Investing for the long term has many benefits. By identifying
the stocks that will have bright prospects for years and even
decades, you can maximize your chances of earnings explosive
gains for your investment portfolio. Another big benefit of
holding on to your stocks longer is that the IRS rewards
long-term investors with reduced capital-gains taxes for
investments held longer than a year.
Despite your best intentions, though, you'll sometimes find
yourself wanting to sell a stock before you get past that
one-year mark. If you already have paper profits on that stock,
you'll face a tough decision: Should you sell now and pay higher
taxes, or hold out for the lower long-term capital gains rate and
hope the stock doesn't drop in the interim? Let's take a closer
look at how you should think about that critical decision and the
risks and rewards it entails.
Why long-term capital gains are such a big deal
Ordinarily, most investors prefer not to focus on tax
considerations in making their investments. When you invest in an
IRA or other tax-deferred account, you don't
to think about taxes, and that frees you to make buy and sell
decisions irrespective of how long you've owned a stock.
But for taxable accounts, the difference in taxation of
capital gains is truly huge. For taxpayers in the highest income
brackets, each $100 of capital gains can cost you $39.60 in
regular income taxes plus another $3.80 from investment-income
surtaxes, adding up to a 43.4% rate on short-term gains. By
contrast, the top tax rate on long-term capital gains is 20%, and
although the 3.8% surtax on investment income still applies, a
little patience can cut your tax bill almost in half.
Source: John Morgan via Flickr.
Moreover, you shouldn't conclude that only wealthy taxpayers
benefit from long-term capital-gains rates. Those who are in the
10% or 15% tax brackets generally pay their regular rate on
short-term gains, but they don't have to pay any taxes
on long-term capital gains so long as they remain in those tax
brackets. Above that level, the 15% maximum rate on long-term
gains for all but top-bracket taxpayers compares favorably with
the 25% to 35% rates that apply to regular income and short-term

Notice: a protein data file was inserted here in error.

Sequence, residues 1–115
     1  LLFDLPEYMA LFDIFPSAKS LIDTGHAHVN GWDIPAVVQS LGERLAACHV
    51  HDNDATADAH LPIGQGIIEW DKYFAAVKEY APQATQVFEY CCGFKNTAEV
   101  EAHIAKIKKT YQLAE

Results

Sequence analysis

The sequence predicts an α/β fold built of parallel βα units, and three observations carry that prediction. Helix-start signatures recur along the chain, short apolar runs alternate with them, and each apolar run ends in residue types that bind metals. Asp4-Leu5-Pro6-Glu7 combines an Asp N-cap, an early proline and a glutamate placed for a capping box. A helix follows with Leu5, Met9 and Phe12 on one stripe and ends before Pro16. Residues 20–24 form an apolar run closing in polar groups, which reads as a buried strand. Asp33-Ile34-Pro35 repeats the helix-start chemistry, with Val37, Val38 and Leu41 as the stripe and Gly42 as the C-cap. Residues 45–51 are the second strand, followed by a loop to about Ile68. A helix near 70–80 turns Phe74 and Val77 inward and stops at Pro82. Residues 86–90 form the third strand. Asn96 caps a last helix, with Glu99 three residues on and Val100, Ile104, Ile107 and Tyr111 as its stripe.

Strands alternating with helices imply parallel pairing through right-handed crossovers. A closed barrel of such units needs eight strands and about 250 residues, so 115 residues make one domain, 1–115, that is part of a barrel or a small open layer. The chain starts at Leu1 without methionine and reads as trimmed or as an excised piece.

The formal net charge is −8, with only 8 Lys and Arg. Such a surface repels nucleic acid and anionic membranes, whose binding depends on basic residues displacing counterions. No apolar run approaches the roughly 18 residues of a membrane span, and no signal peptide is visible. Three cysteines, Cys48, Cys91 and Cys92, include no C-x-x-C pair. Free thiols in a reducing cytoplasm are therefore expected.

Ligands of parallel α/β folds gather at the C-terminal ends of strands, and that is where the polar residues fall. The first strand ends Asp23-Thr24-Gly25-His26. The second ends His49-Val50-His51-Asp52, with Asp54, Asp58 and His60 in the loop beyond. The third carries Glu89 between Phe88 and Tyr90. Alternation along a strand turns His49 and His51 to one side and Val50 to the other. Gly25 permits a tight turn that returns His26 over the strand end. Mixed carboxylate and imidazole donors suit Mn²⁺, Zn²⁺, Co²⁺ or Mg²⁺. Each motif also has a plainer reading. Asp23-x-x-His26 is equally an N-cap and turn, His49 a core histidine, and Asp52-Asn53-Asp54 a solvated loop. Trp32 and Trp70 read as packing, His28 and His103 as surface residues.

Finally, some states have their own beneficial rates for
long-term capital gains. In Massachusetts, for instance,
long-term gains get taxed at the ordinary 5.2% rate, but
short-term gains pay a higher 12% tax.
Finding the right balance between risk and reward
Ordinarily, these huge potential tax savings make holding a stock
for the long run a smart move. But occasionally, you'll quickly
earn a big paper profit on a stock just months after you buy it,
and the resulting high valuation might make you nervous about
hanging on to it long enough to pay lower long-term capital-gains
taxes when you sell.
Source: Wikimedia Commons
Resolving that dilemma doesn't have to be complicated, though.
In general, if the reason you bought the stock hasn't changed,
then even sizable short-term gains are usually just the tip of
the iceberg compared to the long-term returns you're hoping to
achieve. Selling early might make you feel good to lock in a
quick gain, but it doesn't just boost your immediate tax bill; it
can also lead you to miss out on a much larger long-term rise in
the share price in the years to come.
On the other hand, if the fundamentals of a stock or other
investment have changed, then selling early can mean the
difference between earning
profit on your stock and suffering a loss. During the tech bust
of the early 2000s, for instance, many investors were reluctant
to sell highflying Internet and technology stocks because of the
admittedly large tax bills they would have incurred by selling.
In the process, though, many waited too long and ended up losing
all of their gains and then some. It's always better to earn
income that will be taxed than it is to give up that income
Overall, the incentive to hold on to investments long enough
to benefit from lower capital-gains taxes on long-term holdings
makes it worth thinking twice before selling quickly, as it
really is usually worth it to wait. But if a truly game-changing
situation comes up, don't hesitate to pull the trigger on a sale
-- it can save you from even more costly losses.
Take advantage of this little-known
Recent tax increases have affected nearly every American
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Long-Term Capital Gains: Is It Worth It to
originally appeared on Fool.com.
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